Weapons of World War Two
80 cm Kanone (E)
In 1935, one of the military objectives of prime importance for the German Army was the Maginot Line. To solve the problem of the neutralization of such an exceptional defensive position of the potential adversary it was decided to research a weapon in the genre of the supercannon Bertha, which in the Great War had bombarded Paris with optimal results. The specifications indicated were: range, 35-45 kilometers; maximum elevation, 65 degrees; penetration, one meter of steel armor or seven meters of reinforced concrete or 30 meters of compact terrain. The company that managed to present the project of a weapon that fulfilled such requirements was Krupp again, with a team of technicians led by the engineer Erich Muller.
The result of the studies was a gigantic cannon on railway carriage supported by four platform-wagons, which remained disassembled in a deposit and would be assembled each time on the site of utilization. The ensemble was moved by two Diesel locomotives of 1000 horsepower each. Elevation and reload were electrically operated, while for horizontal orientation it was necessary to build a large platform with a curved railway on which the cannon was displaced until achieving the desired position, as it can be seen in the drawing. To transport the materials were needed at least three trains with almost 1000 specialists. For building the artillery position was provided the employment of about 1500 workers who were recruited on the way.
The facilities, commanded by a Colonel enginner, comprised the General Headquarters, a section for fire control, another for security service and another one for emergency and gunners; in total about 500 men. As support and protection, apart from the technical personnel, was provided a Flak detachment, another of Nebelwerfer, 20 engineers from Krupp, two guard companies, one unit of military police with dogs and a section of the Luftwaffe for air cover and reconnaissance. In total, almost 3870 men. For firing the cannon were necessary 350 men. The maximum shot dispersion was one percent.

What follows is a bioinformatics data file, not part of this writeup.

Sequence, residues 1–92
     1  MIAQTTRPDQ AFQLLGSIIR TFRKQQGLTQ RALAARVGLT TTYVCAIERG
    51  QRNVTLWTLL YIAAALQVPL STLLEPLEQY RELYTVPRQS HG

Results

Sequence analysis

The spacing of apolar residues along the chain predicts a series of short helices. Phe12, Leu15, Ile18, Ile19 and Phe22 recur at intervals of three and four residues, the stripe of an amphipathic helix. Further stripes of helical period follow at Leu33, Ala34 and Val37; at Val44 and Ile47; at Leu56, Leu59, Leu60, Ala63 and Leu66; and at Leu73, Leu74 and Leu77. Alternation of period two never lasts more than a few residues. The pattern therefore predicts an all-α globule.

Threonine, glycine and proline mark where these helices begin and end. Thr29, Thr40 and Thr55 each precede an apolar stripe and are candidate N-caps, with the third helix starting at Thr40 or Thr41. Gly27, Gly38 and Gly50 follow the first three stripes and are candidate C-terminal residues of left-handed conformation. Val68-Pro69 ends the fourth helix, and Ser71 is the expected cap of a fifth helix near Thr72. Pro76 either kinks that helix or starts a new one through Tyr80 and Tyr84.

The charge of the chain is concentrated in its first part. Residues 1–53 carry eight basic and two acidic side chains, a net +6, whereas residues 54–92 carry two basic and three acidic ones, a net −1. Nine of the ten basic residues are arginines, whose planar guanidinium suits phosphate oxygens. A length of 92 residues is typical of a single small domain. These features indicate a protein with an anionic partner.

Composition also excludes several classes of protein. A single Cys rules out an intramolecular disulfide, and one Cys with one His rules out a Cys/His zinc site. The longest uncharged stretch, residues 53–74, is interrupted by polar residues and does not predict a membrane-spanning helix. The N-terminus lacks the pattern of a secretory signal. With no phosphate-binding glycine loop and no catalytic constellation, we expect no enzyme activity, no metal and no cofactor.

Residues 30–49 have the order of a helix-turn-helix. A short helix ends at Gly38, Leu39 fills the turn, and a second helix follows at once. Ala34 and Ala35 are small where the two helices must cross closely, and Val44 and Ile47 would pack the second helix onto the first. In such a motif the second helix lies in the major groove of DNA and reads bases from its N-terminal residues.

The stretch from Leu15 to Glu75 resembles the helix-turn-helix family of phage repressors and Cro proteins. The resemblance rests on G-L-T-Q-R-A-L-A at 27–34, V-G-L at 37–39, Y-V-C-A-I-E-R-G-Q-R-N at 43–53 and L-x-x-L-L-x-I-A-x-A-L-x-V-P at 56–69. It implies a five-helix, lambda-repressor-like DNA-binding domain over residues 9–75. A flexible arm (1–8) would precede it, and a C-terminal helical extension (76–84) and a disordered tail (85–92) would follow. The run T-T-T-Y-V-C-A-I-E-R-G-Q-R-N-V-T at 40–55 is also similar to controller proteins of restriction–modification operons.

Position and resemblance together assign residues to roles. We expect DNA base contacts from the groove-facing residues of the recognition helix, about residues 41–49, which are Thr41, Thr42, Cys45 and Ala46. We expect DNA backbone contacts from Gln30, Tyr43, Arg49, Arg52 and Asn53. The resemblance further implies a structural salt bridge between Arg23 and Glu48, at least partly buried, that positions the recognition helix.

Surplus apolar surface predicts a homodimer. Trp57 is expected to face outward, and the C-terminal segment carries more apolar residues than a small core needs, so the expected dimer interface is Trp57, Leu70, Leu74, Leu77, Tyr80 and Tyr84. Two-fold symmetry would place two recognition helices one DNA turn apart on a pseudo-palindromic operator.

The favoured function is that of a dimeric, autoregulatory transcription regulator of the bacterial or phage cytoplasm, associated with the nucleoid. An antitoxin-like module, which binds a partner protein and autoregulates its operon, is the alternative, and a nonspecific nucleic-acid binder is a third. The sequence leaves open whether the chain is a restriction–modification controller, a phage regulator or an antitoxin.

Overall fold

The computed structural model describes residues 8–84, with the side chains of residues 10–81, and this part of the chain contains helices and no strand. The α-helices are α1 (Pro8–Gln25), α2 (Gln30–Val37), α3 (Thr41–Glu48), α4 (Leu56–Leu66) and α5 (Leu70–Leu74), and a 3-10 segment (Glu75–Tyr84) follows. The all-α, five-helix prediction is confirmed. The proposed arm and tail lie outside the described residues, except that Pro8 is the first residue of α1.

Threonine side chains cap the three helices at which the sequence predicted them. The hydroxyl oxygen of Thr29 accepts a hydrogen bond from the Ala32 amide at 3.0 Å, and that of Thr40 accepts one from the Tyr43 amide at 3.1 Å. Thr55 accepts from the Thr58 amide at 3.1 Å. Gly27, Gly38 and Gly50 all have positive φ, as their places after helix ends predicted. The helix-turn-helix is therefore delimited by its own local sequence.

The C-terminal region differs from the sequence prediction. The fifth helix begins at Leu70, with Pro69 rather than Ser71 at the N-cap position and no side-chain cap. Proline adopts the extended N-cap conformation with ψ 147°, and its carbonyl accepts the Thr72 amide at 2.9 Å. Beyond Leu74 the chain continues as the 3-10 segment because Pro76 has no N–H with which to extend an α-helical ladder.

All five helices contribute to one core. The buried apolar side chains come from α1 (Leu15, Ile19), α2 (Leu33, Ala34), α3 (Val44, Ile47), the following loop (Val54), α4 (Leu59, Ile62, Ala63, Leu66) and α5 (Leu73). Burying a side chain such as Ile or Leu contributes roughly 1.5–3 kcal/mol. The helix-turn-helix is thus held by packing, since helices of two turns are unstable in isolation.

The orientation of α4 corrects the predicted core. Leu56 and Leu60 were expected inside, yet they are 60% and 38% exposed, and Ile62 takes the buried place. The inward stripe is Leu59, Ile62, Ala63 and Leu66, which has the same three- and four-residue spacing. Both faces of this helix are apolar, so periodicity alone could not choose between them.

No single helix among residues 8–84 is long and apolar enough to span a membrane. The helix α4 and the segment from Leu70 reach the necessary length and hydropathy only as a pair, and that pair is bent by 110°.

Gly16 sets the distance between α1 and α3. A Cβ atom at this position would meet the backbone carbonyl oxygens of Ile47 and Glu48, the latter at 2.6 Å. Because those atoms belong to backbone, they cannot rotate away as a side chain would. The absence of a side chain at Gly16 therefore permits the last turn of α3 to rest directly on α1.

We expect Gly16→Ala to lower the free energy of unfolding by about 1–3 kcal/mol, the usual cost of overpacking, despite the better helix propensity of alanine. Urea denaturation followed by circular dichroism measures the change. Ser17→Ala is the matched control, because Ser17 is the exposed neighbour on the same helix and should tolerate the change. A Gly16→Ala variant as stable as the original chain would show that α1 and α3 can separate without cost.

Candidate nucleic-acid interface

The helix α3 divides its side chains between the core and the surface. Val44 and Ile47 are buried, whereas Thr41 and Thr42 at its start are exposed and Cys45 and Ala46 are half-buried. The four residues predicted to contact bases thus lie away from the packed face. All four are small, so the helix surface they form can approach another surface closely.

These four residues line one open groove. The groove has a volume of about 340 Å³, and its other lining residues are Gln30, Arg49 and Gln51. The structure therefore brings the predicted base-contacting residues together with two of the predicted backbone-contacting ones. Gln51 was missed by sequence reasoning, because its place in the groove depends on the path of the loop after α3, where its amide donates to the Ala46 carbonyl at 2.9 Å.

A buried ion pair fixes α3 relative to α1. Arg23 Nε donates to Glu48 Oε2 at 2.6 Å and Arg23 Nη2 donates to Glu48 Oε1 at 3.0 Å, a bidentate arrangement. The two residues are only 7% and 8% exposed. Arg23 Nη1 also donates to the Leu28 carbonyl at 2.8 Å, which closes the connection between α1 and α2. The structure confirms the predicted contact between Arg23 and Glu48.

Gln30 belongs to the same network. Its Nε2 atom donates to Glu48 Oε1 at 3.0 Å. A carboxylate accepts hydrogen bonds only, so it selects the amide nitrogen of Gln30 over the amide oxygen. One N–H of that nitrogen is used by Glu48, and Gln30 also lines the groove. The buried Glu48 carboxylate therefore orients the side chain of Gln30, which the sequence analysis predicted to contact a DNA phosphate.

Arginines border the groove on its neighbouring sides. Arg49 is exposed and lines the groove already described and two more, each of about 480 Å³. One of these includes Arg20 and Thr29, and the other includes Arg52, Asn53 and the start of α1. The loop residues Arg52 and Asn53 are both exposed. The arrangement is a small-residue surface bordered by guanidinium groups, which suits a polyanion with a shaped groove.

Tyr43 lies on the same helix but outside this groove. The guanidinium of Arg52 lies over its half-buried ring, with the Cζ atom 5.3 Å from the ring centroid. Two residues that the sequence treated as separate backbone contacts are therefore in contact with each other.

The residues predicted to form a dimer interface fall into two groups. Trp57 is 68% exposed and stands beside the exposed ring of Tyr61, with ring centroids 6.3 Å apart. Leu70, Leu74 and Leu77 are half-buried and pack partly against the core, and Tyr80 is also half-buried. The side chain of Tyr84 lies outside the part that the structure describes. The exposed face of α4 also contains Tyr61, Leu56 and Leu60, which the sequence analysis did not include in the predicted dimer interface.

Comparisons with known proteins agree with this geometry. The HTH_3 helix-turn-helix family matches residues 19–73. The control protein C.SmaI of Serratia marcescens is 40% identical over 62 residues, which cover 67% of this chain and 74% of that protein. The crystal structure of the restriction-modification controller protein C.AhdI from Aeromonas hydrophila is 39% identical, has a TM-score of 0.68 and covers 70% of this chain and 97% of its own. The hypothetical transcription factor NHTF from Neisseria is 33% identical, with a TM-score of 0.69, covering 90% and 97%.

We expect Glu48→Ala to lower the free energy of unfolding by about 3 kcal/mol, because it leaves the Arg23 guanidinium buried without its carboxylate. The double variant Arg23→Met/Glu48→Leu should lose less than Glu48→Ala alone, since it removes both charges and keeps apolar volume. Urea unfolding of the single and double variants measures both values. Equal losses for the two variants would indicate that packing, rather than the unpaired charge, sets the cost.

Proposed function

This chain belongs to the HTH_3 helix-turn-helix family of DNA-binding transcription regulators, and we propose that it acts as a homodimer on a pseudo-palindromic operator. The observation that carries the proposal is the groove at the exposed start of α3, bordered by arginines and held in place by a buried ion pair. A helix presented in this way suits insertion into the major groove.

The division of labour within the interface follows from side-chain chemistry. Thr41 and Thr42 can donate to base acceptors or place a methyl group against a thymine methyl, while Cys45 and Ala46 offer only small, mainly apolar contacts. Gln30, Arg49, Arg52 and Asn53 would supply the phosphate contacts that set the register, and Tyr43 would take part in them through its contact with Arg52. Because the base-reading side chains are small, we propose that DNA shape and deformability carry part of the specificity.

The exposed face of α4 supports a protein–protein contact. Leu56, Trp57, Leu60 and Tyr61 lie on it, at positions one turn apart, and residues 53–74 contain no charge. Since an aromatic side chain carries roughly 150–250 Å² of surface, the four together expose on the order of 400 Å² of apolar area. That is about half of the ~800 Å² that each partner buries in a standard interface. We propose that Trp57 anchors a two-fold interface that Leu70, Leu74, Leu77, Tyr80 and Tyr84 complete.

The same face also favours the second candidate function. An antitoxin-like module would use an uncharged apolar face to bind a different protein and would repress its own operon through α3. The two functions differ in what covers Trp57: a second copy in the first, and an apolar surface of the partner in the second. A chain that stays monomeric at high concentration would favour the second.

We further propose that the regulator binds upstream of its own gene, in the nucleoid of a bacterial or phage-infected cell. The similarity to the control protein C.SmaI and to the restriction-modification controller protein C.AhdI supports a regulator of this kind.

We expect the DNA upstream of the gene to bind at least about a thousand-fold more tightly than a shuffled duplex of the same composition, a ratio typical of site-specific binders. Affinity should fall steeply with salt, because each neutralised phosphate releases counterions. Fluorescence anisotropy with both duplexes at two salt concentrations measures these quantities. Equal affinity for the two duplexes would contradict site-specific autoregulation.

Due to the war events the "Dora" was never used in France, but it was used to neutralize the fortifications of Sevastopol effectuating 48 shots in five days. Later in 1944 it would be used during the uprising in Warsaw.
Total weight: 1350 tonnes
Total length: 42.97 meters
Width: 7 meters
Height: 11.60 meters
Barrel length: 32.48 meters
Barrel weight: 400 tonnes
Assembly time: 3 days
Preparation of position: 3-6 weeks
Caliber: 80 centimeters
Rate of fire: 1 shot every 19-45 minutes
Weight of armor-piercing projectile: 7.1 tonnes
Weight of high-explosive projectile: 4.8 tonnes
Length of armor-piercing projectile: 8.26 meters (including propellent charge)
Length of high-explosive projectile: 6.79 meters (including propellent charge)
Weight of propellent charge: 1.85/2 tonnes
Maximum elevation: 48 degrees
Range of armor-piercing projectile: 38 kilometers
Range of high-explosive projectile: 47 kilometers
Barrel lifespan: About 300 shots
Also in Weapons of World War Two: